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Eternals – Review

So, what do we have here? A 2 hour 36 minute MCU origin story that spans over thousands of years which consists of 10 major characters. Sounds impossible to pull off but Marvel Studios brought in the Academy Award winning director Chloe Zhao to helm this ship. The results? A clunky and low-energy film with, at times, sluggish pacing. Spanning over thousands of years on Earth never allows the film to find its rhythm nor establish a consistent flow. However, that doesn’t mean there are no bright spots for Eternals.

Let’s knock the obvious out of the way – this does not feel like an MCU film at all. It feels more Chloe Zhao than anything else. Having MCU movies break away from the traditional formulaic nature of their past 25 films to the others has been a popular desire from people. This film answers that call by making this feel completely different, whether that be the narrative structure, the grim tone or the offbeat pacing. This has been received with a fair amount of pessimism and it is pretty clear as to why that negativity has validity. It truly is Marvel’s riskiest film in the MCU yet and perhaps there is more value in the lessons learned from producing this project rather than the project itself. For a franchise so deep in its universe with a mammoth of upcoming projects announced, we all want to see this franchise stretch its limits with that. Is that truly the best direction to go in? I am not alluding to a particular answer, just proposing the question as the saying ‘if it ain’t broke, don’t fix it’ has truth in it here. Do directors really need complete creative freedom in the same way Chloe Zhao got? I don’t think so, with Feige it’s more of a collaborative partnership. 

Eternals aims to be a more philosophical film than any MCU film to date but it struggles to truly balance those heavy thematic elements. It proposes less questions about its themes and more questions about whether departing from the MCU formula is a good idea. In terms of narrative quality, there are some brilliant pieces that would truly work but are handcuffed to such magnificent scope that nothing gets its moment. Eternals is heavily influenced by Prometheus and that film DNA is absolutely present in this film except it’s shown from the perspective of the engineers – so if you are curious about the magnitude of its scope, there it is. Attached to this film is a talented and diverse cast, few of them share much chemistry with each other. You can consider Gemma Chan as the lead here and is a factor in making this film as low-energy as it is. Chan’s portrayal of Sersi is expressionless, dull and doesn’t come across as if she is having any fun with the character or film at all (A rarity for actors in their MCU origin film). Lauren Ridloff as Makkari and Barry Keoghan as Druid are the stand-outs in this with Kumail Nanjani as Kingo being a lot of fun as well.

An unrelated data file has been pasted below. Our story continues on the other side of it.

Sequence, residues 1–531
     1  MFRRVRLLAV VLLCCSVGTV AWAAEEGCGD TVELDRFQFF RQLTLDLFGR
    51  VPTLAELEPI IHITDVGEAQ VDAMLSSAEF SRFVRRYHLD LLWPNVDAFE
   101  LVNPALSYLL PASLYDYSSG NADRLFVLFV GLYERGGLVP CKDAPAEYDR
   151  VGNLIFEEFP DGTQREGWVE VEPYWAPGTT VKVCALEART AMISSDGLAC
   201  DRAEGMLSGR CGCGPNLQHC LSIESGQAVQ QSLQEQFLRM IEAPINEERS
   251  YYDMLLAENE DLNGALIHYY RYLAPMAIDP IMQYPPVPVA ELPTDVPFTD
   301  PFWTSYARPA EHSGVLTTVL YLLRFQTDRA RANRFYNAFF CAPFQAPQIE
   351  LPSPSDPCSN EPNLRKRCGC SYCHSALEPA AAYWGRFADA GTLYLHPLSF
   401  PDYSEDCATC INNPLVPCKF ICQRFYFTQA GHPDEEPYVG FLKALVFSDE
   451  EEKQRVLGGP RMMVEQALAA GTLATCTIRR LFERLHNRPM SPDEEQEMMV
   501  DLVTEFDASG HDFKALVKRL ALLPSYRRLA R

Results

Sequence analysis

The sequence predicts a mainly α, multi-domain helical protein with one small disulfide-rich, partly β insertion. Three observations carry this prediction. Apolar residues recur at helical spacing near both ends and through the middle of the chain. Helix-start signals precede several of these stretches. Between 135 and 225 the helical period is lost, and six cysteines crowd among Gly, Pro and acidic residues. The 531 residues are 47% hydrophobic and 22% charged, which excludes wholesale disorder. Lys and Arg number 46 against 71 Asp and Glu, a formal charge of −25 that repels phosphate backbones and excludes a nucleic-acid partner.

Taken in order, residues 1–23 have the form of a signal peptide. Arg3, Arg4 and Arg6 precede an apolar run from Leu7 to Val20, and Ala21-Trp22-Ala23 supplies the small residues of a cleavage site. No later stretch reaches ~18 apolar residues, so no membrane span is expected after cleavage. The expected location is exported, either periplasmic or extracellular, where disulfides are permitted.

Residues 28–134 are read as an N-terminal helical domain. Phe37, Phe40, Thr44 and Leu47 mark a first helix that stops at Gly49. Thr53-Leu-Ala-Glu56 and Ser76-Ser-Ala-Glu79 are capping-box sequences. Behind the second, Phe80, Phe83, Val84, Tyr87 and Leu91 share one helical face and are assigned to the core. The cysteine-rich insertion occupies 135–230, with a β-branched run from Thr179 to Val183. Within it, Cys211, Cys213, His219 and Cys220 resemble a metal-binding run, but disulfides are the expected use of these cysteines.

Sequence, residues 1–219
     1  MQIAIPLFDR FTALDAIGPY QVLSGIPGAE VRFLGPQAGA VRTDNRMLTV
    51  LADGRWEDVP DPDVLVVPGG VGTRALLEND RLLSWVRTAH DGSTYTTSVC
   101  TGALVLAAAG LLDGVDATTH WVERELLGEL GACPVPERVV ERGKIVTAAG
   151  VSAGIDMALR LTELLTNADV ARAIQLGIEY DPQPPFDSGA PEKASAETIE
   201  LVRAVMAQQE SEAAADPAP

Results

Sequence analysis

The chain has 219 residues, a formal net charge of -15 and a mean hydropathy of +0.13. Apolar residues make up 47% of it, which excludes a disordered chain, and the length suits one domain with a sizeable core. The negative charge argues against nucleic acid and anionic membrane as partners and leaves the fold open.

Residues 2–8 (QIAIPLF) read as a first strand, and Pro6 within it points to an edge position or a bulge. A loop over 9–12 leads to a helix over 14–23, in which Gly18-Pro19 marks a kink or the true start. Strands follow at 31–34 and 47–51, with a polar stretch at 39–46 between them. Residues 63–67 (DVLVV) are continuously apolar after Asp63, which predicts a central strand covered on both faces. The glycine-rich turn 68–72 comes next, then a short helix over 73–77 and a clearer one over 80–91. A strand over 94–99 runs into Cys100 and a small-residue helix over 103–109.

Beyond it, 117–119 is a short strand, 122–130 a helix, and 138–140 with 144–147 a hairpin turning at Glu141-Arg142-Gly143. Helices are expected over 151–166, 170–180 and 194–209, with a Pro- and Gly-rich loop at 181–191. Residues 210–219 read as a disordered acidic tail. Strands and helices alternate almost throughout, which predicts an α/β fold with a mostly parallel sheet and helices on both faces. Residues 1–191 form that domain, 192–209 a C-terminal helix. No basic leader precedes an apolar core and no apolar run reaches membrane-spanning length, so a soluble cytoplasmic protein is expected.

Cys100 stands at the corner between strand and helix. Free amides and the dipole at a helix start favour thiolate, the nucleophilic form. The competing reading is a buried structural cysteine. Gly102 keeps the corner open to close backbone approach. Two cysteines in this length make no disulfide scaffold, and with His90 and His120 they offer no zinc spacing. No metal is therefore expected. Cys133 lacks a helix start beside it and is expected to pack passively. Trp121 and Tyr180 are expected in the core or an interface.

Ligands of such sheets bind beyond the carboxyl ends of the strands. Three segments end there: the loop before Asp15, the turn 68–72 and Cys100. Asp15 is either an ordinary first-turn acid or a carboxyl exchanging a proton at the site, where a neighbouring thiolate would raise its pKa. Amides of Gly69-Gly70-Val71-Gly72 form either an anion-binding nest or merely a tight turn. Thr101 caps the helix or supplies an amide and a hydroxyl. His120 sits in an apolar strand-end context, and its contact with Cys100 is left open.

Lia McHugh as Sprite, Gemma Chan as Sersi, Salma Hayek as Ajak, Barry Keoghan as Druig, and Brian Tyree Henry as Phastos in Eternals - Courtesy of Marvel Studios

The Chloe Zhao effect is in all its glory when it comes to the visual aesthetic of the film. The seamless marriage between practical elements mixed in with computer-generated imagery. The visual effects designs are intricate and give off that otherworldly feel to them, it feels truly unique to only the Eternals as they are cosmic beings. The film is mainly darkened greys with slivers of gold streak emphasising the grandiose nature of these characters. Zhao brings her signature visual style to this film as there are plenty of moments where we slow down and absorb in the naturalistic environments with a sundrenched backdrop – similar to those moments in Nomadland. Another impressive moment of the film is capturing the sheer scope of the celestials demonstrating the ethereal and majestic essence of those beings.

You mix in these excellent visual components with practical locations truly grounds the film and elevates the enjoyment of the globetrotting adventure. These practical locations center these cosmic beings in naturalistic locations which makes certain pieces of the script far more effective. There is a real sense of authenticity and the film’s visual aesthetic truly feels organic – a refreshing and well-needed boost to an MCU film. Ramin Djawadi composes the score for Eternals and while none of it truly feels effective, it does fit nicely in the film. Djawadi composed the entire Game of Thrones series and that is felt across the main theme of Eternals but it has been injected with a cosmic feel to it. 

The ambition in the scope of the film that Eternals wants to achieve ends up being more damaging to the quality of the film rather than as mythological and complex as it wants to be. If you were to remove the MCU branding off this film then it would give it space to be much better than what Eternals is.


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